Concerns over proposed bus gate in Shoppenhangers Road

Adrian Williams

Adrian Williams
Concerns over proposed bus gate in Shoppenhangers Road

Residents have raised concerns over a council proposal to put a bus gate in Shoppenhangers Road to stop car drivers using the stretch as a 'rat run'.

The gate, which would be installed near the junction with Ludlow Road, would mean only buses, taxis and emergency vehicles could use the road for through journeys between Braywick Road and Larchfield.

The aim is to prevent people from using the area as a cut-through to avoid main roads. The bus gate will still allow access for people walking and cycling.

People would still be able to drive to access their homes and amenities.

The proposal is part of a range of active travel projects being funded by £335,000 from the Department for Transport (DfT).

In its proposal, the Royal Borough wrote: “Reduced through-traffic on residential and school streets will provide safer spaces for cycling and walking whilst maintaining social distancing, as well as lowering noise and air pollution.

“We want to make your area more pleasant to use, encouraging a shift towards more active and sustainable travel where possible.

“We appreciate they may cause some short-term disruption but believe the long-term benefits outweigh any disadvantages.”

However many residents have responded poorly to the proposal, calling it ‘madness’.

One fear is that it will increase congestion in other roads – and will extend the overall driving time, contrary to the environmentally-friendly intention behind the plan.

Another often repeated concern has highlighted the possible increased danger for cyclists from an increase in traffic on the alternative route on nearby Harvest Hill.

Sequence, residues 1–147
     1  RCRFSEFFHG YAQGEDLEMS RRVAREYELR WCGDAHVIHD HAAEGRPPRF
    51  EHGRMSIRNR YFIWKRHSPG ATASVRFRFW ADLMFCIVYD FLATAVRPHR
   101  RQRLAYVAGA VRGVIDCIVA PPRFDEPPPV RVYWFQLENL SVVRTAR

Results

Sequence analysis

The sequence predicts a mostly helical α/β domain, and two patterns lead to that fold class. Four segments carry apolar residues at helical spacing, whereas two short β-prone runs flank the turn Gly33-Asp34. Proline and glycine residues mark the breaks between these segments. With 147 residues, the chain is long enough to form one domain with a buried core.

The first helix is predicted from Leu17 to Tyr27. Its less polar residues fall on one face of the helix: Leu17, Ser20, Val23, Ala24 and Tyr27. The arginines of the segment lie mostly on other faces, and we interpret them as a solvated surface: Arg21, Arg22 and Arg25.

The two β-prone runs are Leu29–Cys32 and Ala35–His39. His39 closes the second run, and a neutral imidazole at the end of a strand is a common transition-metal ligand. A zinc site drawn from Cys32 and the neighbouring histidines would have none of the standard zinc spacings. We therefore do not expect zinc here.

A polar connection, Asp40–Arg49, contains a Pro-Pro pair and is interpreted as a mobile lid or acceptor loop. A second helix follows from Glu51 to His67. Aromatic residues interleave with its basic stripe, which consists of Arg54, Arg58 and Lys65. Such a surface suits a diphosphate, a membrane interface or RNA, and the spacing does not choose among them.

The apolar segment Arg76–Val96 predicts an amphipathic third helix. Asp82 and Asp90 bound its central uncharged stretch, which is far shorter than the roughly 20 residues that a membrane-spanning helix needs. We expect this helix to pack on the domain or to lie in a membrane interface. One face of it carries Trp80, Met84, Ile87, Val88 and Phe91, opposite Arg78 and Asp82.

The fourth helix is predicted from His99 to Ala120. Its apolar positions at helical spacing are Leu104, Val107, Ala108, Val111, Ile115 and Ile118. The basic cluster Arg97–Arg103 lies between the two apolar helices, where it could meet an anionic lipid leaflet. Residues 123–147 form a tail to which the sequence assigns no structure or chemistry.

Councillor Gurch Singh was among those who voiced concern that the bus gate will be used to fine motorists who break the rules – and thus generate money for the council.

In a letter to Cllr Gerry Clark, lead member for transport and infrastructure, Cllr Singh also said he could ‘not see any sensible reason’ for the scheme.

He said: “I cannot see any sensible reason for spending this money when there is so much else in the borough which is that would surely be more worthy of this expenditure than this scheme.”

Cllr Clerk told the Advertiser that the consultation process is not costing the council money and that the Government grant cannot be transferred to other projects.

He said he was ‘disappointed’ with the reaction, especially from opposition councillors suggesting this was something the council plans to impose on residents against their wishes.

“It’s a consultation – that doesn’t imply that it’s going to happen,” he said. “It’s unacceptable that we’re being criticised for trying to improve travel and amenity – we should be supported.”

He described the concern over the fines as a ‘scurrilous rumour’.

“It’s absolute rubbish – a complete fabrication designed to put fear into residents’ hearts,” he said.

“Financial income from the scheme has played no part in it – there’s no presumption that there’s any revenue to be generated here.”

Cllr Clark said that the traffic flow analysis and other tools were used to determine which roads would best benefit from changes.

One consideration is that, while drivers can take alternate routes, it is more difficult for cyclists.

Cllr Clark added that he would only support the scheme if it showed that the benefits outweighed the problems.

Residents can give respond to a survey on the scheme, open until midnight on February 9, by visiting:

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